I'm having trouble solving a particular integral. It is

$$ (1/\Delta t)\int_t^{t+\Delta t}I(t')dt', $$


$$ I(t') = \mu_c+\sigma_c \eta(t'). $$

In this second equation,

$$ \eta(t') = \lim_{dt\to0}N(0, 1/\sqrt{dt}), $$

where $N(\alpha, \beta)$ is a Gaussian random variable of mean $\alpha$ and variance $\beta^2$.

The variables I haven't defined are all constants. Can anyone help me out? It's really that limit I'm having trouble with. A numerical solution is as good as an analytical one as far as I'm concerned.

This integral comes from this book chapter. Specifically, it is part of the "diffusion approximation" described in Section 15.2.3, which begins on page 436. I'm trying to replicate the line on the right side of Figure 15.1B (page 440), the definition of which is given in the figure caption on page 441.

  • $\begingroup$ So your $\eta$ is white noise? This limit doesn't exist in the conventional sense, so you have to be careful with how you use it. $\endgroup$ – Ian Aug 26 '15 at 22:23
  • $\begingroup$ @Ian exactly. actually, according to the paper i'm working from, the definition for it i gave in the question is only a "heuristic" definition. i'm going to link to the specific section of the paper that's relevant in my question. $\endgroup$ – dbliss Aug 26 '15 at 22:24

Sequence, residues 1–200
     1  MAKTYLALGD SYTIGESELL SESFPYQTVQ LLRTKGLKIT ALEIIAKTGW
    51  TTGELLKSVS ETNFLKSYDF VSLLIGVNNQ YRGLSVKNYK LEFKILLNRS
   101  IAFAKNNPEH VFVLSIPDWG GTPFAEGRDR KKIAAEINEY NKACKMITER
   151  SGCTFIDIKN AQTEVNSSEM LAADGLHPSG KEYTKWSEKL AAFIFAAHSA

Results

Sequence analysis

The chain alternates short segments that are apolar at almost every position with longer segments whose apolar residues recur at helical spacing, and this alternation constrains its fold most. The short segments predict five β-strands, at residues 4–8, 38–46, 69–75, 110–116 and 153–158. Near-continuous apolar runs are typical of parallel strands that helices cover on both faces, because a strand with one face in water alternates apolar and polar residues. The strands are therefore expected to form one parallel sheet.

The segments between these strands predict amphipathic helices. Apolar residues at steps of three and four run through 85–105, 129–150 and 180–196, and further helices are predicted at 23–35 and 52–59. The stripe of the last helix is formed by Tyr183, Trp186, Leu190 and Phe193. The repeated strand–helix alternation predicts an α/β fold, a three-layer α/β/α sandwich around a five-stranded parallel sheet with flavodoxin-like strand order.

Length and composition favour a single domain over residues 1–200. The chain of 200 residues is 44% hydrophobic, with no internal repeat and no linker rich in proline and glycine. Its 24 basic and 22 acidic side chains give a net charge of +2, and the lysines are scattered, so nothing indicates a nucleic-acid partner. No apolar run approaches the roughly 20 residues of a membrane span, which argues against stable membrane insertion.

• $\begingroup$ I think that what is intended is that $\eta$ should have the property that $W(T)=\int_0^T \eta(t) dt$ is the Wiener process, also called (in mathematical circles) Brownian motion. $\endgroup$ – Ian Aug 26 '15 at 22:26
  • $\begingroup$ @Ian OK, so it sounds like i should try to implement a white noise process computationally, and then solve the integral numerically. is there any other work we can do on this with pure math? or, more generally, do you have any recommendations? $\endgroup$ – dbliss Aug 26 '15 at 22:32
  • $\begingroup$ @Ian i guess i'm still not sure how to define the white noise process such that it's amenable to computational analysis. for example, i have a function that returns a Gaussian random process provided a mean and SD. what would i pass it as an SD in this case? infinity? that doesn't seem like it would get me what i need, but i'm not sure how else to interpret the limit in my question. $\endgroup$ – dbliss Aug 26 '15 at 22:45

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